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A Good Arrival Case Study: Distressed Strawberries

The perils of mixed loads and temperature fluctuations
Trading Assistance

Both temperature tapes, as well as the reefer download, suggest the air temperatures in transit were maintained between34 and 36.5°F during the trip (with some very brief, periodic spikes to higher temperatures which appear to correspond to the reefer unit’s defrost cycles). Blue Book’s Transportation Guidelines provide the following rule of thumb for assessing air temperatures in transit—

Reefer systems are expected to provide steady temperatures in transit and should be set to run continuously, and not on a start-stop basis. Slight deviations in transit temperature based on, among other things, the location and accuracy of the temperature recorder, are inevitable and permissible. What constitutes a “slight deviation” will vary, but as a rule of thumb temperatures within the trailer should not deviate more than four (4) or five (5) degrees Fahrenheit from the agreed-upon transit temperature. If a temperature range is specified, any deviation will be assessed from the midpoint of the specified range. A temperature variance lasting less than twelve hours may also be categorized as a slight deviation, depending on the extent of the variance, the relative perishability of the commodity, and other circumstances. For example, a shipment involving multiple pick-ups or drops may be expected to experience temperature variance during loading and unloading. Nothing in this paragraph should be interpreted as to suggest a temperature deviation was slight, and therefore permissible or excused, when product has been frozen in transit.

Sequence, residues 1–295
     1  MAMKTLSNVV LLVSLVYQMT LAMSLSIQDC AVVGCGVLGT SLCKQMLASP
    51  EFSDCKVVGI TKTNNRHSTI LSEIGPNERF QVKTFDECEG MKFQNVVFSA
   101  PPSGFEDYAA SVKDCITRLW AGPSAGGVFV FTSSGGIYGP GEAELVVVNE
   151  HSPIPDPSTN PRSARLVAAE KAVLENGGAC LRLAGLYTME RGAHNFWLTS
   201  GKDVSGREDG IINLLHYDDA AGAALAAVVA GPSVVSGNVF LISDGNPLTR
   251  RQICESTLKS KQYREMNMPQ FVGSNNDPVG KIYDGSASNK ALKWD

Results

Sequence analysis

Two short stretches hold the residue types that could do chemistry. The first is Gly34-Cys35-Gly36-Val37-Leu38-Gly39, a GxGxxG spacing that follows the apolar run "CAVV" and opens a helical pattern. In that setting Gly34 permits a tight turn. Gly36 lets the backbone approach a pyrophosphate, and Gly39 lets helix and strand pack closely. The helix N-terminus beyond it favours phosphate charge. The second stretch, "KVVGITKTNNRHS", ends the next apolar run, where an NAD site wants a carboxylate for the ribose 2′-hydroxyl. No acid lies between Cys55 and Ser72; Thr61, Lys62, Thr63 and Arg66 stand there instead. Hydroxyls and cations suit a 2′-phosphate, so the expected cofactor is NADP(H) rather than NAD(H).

Given that the bill of lading instructed the carrier to maintain air temperatures at 32°F, and given the highly perishable nature of strawberries, the temperature readings here test the limits of what we would call a “slight deviation.” Perhaps because this was a mixed load with different temperature instructions from different shippers, and perhaps because the driver was concerned about the risk of freezing injury, the reefer unit was set to 34° rather than 32°F—apparently without any communication with the shipper.

This, in our view, falls short of industry best practices. If the carrier receives different temperature instructions from different shippers, or, is not comfortable setting the reefer unit at the temperature the shipper(s) agreed upon, this discussion should have been held before the driver signed the bill of lading at shipping point, not after the product has been delivered.

If this were a full truckload of strawberries treated with Tectrol and wrapped in pallet bags, then we think the risk of freezing injury resulting from a properly functioning reefer unit set to run at 32°F would be minimal (we have seen cases where supply air temperatures in the high-20s for an extended period did not lower the pulp temperatures of strawberries treated with Tectrol anywhere near their highest freezing point of 30.7°F per the USDA). However, because this was a mixed load, we would hope the shipper acknowledged that these loads are typically shipped at warmer temperatures (e.g., 34°F). Ideally, the buyer would reach this understanding with the shipper when ordering the product, and communicate the agreed-upon temperature to the carrier in its rate confirmation to avoid a standoff at shipping point.